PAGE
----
7. What to eat? A hard day of wine tasting calls for some serious nourishment. Most places will provide something for you to eat as you taste, ranging from literally a few crumbs of bread in some places to a gourmet selection of cheese and charcuterie in others. Prices for food also vary from free all the way to expensive. A lot of caves also have food stalls with home-made fayre, or if you’re in one of the larger towns there will probably be plenty of food market stalls to choose from.
  8. And finally, if you’re had a superb day wine tasting don’t forget to drink plenty of water before going to bed!

A gateway to the chateau in Chouilly

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Bread Machine Stollen Recipe

It’s that time of year again, Stollen time! I made my first one for this winter yesterday and annoyingly I hadn’t previously blogged my recipe so I had to go and look up a new one.

A stollen I made last year.

Here is a modification of the one I found that suits my tastes. The following go straight in the bucket of the bread machine:

  • 175ml warm milk
  • 1 egg
  • 40g sugar
  • salt (pinch)
  • 27g olive oil
  • 370g white flour (I mixed it 50/50 with regular and super fluid flour)
  • some cinnamon
  • a dash of nutmeg
  • 50g of chopped nuts, almond and brazil
  • 50g of melted butter
  • 8g dried yeast
  • 40g of finely sliced almonds

Set the bread maker to the dough programme and relax for 90 minutes. During the 90 minutes soak some fruit in alcohol, I used about 100g of raisins since I didn’t have anything else, in rum or another spirit.

When the dough is finished, tip it out onto a well floured chopping board and roll it into a baguette shape, before adding 250g of marzipan, also rolled out into a long thin strip and the fruit which has been soaking. I decided to fold mine three times, with one stripe of marzipan and raisins inside each time, which worked rather well. Be careful that the soggy raisins don’t poke a hole in the side of the dough and escape! You also to make sure that the marzipan is well contained within the dough otherwise it will burn.

When you are happy with the composure of your stollen, bake in the oven for 18-20 minutes at 200 degrees. I left mine in the oven to cool overnight and it turned out fine, I didn’t want to put it in the fridge in case it dried out. When you want to serve it don’t forget to dust with icing sugar using a sieve.  I might try making a chocolate one next.

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I had some fun with cocktails the other day using liquid nitrogen frozen ingredients, and making some regular cocktails too, here is the full write-up so anyone can repeat it. The use of liquid nitrogen is at your own risk, of course!

The blue lagoon, my personal favourite from the list!

The blue lagoon, my personal favourite from the list!

Hardware requirements:

1 Jigger (44ml measuring cup)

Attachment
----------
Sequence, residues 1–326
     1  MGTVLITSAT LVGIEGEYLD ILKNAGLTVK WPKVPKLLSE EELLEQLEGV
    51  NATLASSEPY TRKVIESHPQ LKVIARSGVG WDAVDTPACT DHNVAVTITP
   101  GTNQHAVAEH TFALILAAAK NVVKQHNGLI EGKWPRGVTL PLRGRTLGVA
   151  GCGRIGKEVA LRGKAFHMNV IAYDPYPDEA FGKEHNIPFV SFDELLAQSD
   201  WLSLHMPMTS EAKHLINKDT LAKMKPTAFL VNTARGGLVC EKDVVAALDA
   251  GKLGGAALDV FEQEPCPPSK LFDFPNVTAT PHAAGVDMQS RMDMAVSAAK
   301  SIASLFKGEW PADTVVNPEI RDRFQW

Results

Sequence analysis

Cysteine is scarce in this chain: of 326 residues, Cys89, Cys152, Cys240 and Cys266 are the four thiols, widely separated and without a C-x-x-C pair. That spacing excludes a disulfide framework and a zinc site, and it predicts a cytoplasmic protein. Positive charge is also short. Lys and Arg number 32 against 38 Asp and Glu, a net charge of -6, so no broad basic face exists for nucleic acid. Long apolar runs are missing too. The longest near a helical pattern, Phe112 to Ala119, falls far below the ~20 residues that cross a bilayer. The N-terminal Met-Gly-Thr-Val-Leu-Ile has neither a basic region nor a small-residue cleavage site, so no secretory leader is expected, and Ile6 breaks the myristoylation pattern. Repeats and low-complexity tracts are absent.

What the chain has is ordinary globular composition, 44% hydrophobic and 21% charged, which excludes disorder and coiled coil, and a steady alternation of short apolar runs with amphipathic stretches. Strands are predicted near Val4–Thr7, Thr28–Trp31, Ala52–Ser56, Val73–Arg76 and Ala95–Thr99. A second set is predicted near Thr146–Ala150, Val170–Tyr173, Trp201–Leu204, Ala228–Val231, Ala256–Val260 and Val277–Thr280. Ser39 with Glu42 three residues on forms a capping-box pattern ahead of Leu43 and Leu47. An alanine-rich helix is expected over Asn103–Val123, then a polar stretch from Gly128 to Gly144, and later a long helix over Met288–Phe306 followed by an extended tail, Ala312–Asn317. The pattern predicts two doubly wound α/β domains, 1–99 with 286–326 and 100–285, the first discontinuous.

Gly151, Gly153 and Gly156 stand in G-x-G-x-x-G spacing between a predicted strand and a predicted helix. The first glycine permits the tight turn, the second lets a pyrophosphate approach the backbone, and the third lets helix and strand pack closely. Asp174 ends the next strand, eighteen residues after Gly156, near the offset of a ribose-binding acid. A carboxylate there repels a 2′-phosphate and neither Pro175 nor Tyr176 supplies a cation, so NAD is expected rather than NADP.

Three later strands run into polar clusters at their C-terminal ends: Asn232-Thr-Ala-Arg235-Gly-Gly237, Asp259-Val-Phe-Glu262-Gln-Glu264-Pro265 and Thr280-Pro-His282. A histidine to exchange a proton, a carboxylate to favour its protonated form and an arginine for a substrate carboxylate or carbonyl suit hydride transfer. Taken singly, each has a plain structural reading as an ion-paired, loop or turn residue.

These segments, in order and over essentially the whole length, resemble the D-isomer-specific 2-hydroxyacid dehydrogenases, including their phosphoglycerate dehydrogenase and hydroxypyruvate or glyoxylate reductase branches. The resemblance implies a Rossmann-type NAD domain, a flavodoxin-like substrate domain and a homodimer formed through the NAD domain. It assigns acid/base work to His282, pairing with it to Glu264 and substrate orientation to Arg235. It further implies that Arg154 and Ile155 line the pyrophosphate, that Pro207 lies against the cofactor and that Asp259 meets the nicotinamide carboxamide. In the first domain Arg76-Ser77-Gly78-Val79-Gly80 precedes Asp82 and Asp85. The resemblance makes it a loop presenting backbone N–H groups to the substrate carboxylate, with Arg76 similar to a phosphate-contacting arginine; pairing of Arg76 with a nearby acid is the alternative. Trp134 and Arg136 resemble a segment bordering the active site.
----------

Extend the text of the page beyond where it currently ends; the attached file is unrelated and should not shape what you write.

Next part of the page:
1 Cocktail shaker

Ice (lots)

A 1 litre jug

Plus a selection of these:

Guinea Pigs

People, glasses and cocktail umbrellas to taste! (Here the measures are for about 1l of cocktail, each time shared in ‘moderate’ servings between about 8 people)

Preparation of ingredients

To prepare the special ingredients in these cocktails I bought some 100ml bottles from IKEA, not strictly food grade plastic but I kept them in the fridge and didn’t store my shower gel in them prior to use. I prepared the following special ice drops, in the style of dippin’ dots by freezing droplets of liquid one (or several) at a time in liquid nitrogen.

Mint: 1 packet of fresh mint leaves, finely chopped and gently boiled for about 10 minutes in a water with two tablespoons of added sugar. The resulting green liquid was allowed to cool, poured into the 100ml bottle and refrigerated until it was used with the nitrogen.

Lemon: 100ml of freshly squeezed lemon juice, poured into the bottle and refrigerated.

Lime: 100ml of freshly squeezed lime juice, poured into the bottle and refrigerated.

Cassis: 100ml of cassis poured from the glass bottle in to the plastic one and refrigerated.

The freezing

My awesome friend in the cryo lab prepared me a small bucket of liquid nitrogen and also a mug (metal, to avoid it exploding with the change in temperatures). The dots were made by dropping small amounts of liquid out of each bottle (one flavour at a time) into a ladle in the liquid nitrogen and the mug which was half full. Once each dropplet had stopped boiling the surrounding nitrogen they sank to the bottom and were collected into tupperwares (one tupperware for each flavour to avoid confusion). The process was repeated until all the tupperware was full, when the full batch was rushed to the freezer in my house. Despite the effort the cassis drops still turned back into a liquid when chilled to -25C in my domestic freezer. Fortunately everything else remained frozen!